Katie Holmes is still pimping Dead Accounts on Broadway, and she’s done a new Vogue interview with the actual star of the show, Norbert Leo Butz (who has two Tony awards under his belt). It really was a great move for producers to team up Norbert and Katie for much of the publicity for the play — although they are in fact the two leads of the show, he’s the true talent, and she brings the press in droves. Of course, she wasn’t allowed to do much press when she was married to Tom and performing in that All My Sons revival years ago, but now, Katie is in the driver’s seat, and it must feel really, really good.
While this career revamp might not put Katie back on the road she was on before she encountered Tom Cruise and his CO$ love ship of doom, it’s a start. I think we can all recognize that Katie was never the most versatile actress, and the side smirk can really kill suspension of disbelief in most roles, but proving herself in a live theater capacity is a very smart move. As a dark comedy, Theresa Rebeck’s Dead Accounts seems like a good vehicle too with the show taking aim at the topics of familial relations, Wall Street, and love. It’s also a critique of the struggle between choosing big city life (depicted as the East Coast) and small-town gentility (represented by the Midwest). So it makes a lot of sense that Katie was talking about her appreciation of boxed wine in that NYT interview where she and Norbert were both stressing their Midwestern and Catholic roots. The two play siblings in the movie with Katie portraying the sister (Laura) who stays in the small town to take care of her parents while Norbert is the returning prodigal son (Jack) who is tiring of city life. Here are some excerpts from their Vogue interview:
On being Catholic & Midwestern: “You grow up in that environment, and when you leave it, all those things are being challenged. Jack tried something, and it didn’t work. Now he’s coming home, and all of these people who have played it safe are the first ones to say, ‘How could you do that?’ It’s like that saying ‘Morality is a lack of opportunity.’”
The whole play takes place in a kitchen: “Like, just me in the kitchen is a comedy,” Holmes says. “But it’s heartbreaking for me going through it—” (Butz erupts into surprised laughter. “Because you’re such a bad cook?”) “Yes. But for others, they probably think it’s really funny, because all the pans are out, and I get frustrated, and suddenly it’s burning–” (“And all these emotions will come out of it–,” Butz offers, nodding.) “And I went to Eataly,” Holmes explains. “I got the stuff. And it still turned out, like–not good!”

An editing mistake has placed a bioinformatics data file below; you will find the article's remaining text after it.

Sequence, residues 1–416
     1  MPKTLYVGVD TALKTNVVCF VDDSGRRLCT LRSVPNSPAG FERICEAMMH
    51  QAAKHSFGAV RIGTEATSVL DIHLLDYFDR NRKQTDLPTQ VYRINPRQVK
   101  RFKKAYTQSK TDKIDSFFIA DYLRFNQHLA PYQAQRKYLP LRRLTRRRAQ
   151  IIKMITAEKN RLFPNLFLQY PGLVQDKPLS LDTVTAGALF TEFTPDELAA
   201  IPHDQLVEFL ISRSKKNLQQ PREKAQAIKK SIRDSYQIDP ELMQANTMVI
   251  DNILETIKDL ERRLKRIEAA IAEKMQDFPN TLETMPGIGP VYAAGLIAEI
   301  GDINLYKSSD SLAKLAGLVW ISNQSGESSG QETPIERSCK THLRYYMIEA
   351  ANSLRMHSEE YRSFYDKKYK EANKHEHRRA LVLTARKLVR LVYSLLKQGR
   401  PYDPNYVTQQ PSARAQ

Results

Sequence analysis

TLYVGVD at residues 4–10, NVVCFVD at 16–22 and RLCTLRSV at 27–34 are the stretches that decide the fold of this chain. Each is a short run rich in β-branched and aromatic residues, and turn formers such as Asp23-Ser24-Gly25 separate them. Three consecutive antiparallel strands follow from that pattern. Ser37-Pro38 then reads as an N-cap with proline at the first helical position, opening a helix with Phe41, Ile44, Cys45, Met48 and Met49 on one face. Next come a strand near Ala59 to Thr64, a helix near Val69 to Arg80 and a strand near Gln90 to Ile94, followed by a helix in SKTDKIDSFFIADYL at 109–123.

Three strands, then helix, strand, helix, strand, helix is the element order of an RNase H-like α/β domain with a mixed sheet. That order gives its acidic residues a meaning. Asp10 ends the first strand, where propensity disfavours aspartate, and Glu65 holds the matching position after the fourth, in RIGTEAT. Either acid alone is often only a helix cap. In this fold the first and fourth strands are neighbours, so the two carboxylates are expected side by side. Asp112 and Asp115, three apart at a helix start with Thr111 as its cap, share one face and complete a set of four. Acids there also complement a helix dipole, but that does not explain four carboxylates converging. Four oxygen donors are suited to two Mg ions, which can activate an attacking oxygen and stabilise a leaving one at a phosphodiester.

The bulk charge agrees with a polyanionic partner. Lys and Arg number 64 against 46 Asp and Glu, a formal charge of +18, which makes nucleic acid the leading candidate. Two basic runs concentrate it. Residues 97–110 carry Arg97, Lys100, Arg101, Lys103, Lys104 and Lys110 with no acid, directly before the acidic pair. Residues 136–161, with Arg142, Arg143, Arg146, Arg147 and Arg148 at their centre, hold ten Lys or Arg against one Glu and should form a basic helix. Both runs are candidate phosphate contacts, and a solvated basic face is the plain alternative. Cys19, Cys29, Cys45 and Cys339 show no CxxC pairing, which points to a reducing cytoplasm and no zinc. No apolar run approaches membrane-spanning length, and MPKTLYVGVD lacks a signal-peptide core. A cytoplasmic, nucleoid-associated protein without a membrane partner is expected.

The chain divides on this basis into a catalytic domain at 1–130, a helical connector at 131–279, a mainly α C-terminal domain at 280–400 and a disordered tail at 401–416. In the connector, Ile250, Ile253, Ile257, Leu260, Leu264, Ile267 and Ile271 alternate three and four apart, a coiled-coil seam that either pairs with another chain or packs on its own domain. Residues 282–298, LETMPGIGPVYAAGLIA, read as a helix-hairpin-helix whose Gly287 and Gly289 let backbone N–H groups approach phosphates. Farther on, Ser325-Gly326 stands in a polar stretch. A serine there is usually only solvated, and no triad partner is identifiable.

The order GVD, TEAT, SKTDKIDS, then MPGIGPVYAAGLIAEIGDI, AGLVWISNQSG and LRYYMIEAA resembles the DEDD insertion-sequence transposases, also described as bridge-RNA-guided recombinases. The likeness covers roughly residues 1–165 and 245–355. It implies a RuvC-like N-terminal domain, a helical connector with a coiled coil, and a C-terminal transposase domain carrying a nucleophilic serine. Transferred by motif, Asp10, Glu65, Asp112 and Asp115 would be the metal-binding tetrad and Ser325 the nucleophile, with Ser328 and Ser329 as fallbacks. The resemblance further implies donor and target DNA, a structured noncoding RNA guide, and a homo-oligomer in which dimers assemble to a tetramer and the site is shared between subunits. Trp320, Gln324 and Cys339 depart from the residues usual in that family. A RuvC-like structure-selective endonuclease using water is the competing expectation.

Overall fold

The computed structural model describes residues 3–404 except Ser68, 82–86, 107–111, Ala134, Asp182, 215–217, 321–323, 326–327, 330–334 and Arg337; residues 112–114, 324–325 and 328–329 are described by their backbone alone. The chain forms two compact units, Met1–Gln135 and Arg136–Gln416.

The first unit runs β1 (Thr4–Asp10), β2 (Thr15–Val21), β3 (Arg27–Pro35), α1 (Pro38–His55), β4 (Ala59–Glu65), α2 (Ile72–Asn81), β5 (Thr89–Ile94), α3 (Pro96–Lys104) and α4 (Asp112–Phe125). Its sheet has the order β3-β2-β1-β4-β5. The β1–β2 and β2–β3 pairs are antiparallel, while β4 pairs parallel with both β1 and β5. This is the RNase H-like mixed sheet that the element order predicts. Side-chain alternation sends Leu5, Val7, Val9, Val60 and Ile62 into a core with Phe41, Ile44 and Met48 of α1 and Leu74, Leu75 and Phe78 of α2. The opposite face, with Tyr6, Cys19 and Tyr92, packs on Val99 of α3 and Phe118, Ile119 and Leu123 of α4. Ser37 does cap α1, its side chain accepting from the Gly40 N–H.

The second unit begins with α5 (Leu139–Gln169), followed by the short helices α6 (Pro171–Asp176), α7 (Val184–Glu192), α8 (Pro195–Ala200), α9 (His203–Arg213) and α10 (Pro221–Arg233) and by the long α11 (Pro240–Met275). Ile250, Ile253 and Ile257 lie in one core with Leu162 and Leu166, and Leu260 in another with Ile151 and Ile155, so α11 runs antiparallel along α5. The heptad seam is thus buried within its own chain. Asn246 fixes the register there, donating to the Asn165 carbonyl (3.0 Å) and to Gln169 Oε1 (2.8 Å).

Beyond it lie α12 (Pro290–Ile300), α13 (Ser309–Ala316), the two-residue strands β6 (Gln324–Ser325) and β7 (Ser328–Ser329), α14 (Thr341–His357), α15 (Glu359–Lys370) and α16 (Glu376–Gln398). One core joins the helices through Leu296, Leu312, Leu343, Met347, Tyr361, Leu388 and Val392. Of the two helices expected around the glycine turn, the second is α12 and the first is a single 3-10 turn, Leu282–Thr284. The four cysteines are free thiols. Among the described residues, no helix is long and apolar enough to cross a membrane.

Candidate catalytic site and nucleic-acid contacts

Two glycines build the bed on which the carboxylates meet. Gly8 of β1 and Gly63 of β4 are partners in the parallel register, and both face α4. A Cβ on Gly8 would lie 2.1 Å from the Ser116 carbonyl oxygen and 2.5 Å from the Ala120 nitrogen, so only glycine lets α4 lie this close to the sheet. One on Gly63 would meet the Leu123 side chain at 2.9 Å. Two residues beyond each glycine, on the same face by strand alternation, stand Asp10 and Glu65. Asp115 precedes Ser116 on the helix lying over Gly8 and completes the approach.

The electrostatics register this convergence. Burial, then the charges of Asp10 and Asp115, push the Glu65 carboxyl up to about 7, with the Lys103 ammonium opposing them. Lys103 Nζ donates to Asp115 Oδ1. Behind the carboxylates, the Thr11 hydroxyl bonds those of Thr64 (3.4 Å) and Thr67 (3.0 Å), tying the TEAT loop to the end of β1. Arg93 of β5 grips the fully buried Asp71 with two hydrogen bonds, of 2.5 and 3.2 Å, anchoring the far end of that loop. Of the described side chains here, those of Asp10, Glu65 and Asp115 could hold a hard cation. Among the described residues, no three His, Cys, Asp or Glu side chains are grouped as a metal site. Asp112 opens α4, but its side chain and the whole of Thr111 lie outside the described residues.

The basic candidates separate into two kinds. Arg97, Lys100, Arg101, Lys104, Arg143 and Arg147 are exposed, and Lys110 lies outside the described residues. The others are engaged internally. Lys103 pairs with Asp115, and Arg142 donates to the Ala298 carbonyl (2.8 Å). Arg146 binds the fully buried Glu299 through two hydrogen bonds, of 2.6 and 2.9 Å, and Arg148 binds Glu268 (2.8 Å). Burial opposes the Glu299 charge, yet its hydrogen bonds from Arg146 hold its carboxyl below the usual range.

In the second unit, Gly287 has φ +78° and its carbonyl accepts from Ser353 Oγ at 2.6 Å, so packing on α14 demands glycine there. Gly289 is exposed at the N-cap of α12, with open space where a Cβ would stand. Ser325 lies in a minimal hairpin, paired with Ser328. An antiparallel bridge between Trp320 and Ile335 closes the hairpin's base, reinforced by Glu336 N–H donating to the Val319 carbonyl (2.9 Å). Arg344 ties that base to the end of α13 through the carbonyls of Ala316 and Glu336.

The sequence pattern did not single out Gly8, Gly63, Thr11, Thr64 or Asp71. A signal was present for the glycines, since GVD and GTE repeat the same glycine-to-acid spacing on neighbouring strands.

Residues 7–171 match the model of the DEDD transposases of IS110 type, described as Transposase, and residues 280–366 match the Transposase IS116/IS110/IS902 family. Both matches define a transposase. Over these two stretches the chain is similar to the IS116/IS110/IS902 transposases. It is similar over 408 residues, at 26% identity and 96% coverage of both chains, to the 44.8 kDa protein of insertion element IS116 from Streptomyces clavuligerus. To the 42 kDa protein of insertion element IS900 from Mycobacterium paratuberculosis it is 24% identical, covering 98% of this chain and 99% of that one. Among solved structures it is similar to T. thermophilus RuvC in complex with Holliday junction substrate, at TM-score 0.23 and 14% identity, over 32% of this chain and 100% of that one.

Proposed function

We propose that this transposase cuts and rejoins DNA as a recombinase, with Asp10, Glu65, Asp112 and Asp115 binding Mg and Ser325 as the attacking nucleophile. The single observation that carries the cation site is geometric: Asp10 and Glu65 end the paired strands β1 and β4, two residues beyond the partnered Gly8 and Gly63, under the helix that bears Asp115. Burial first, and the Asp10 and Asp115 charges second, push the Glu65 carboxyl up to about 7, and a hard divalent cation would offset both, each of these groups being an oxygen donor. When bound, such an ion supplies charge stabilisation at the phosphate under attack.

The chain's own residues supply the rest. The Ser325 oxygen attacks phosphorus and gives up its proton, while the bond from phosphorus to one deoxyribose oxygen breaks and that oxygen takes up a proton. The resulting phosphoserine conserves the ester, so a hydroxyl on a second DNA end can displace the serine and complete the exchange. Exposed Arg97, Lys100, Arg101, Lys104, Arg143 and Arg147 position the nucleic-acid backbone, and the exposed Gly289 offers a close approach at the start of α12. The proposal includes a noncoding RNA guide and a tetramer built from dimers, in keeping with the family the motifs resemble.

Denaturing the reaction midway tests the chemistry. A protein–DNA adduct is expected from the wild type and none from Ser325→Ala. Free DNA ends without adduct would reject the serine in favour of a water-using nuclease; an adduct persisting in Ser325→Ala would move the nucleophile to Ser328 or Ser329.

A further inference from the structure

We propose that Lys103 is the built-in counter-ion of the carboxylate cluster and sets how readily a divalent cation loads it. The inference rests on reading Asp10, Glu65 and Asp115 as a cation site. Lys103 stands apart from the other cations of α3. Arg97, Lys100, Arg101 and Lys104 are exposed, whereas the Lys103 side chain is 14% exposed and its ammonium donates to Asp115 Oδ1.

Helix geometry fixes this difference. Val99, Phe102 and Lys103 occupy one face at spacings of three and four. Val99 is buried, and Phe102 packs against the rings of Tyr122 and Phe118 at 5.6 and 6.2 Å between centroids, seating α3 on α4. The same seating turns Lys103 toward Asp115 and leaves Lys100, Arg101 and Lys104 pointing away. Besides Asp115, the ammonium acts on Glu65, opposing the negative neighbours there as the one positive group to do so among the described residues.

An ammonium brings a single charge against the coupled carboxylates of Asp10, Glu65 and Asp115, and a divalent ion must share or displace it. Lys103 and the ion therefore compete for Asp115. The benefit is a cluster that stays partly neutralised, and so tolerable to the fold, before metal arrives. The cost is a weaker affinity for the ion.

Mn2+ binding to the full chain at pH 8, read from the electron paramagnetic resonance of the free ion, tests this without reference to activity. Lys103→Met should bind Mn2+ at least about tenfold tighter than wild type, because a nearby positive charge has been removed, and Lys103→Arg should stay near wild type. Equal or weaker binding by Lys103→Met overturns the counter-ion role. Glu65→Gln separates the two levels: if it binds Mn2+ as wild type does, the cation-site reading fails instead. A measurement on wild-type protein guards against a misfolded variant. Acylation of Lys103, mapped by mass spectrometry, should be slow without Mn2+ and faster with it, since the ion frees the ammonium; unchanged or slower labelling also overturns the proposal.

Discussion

Will she do more Broadway? “God, I hope so. It’s exciting because there’s no close-up, so a person has to use every inch of themselves. The way their hand is says something. So you’re never done–and who wants to be done? It’s just another opportunity to keep growing.”
I really identify with not being the greatest cook in the world when it comes to making several things at a time. I can do one or two things at once — like a casserole or pasta and salad. Or a pan of enchiladas, which are excellent, by the way. But trying to coordinate more than that in the kitchen is something that I’ll never be able to do. Katie’s admission tells us something even more important though, which is that there’s no way in hell that she will be making a huge Thanksgiving dinner “from scratch” (including pumpkin bars) for Tom and Suri this year. Oh, and we’re officially on count for 17 WEEKS since Tom has seen Suri. Tool.
Not incidentally, here are some photos of Katie arriving at the Music Box Theater over the weekend. Her street style is improving, right?
Photos courtesy of Fame/Flynet and WENN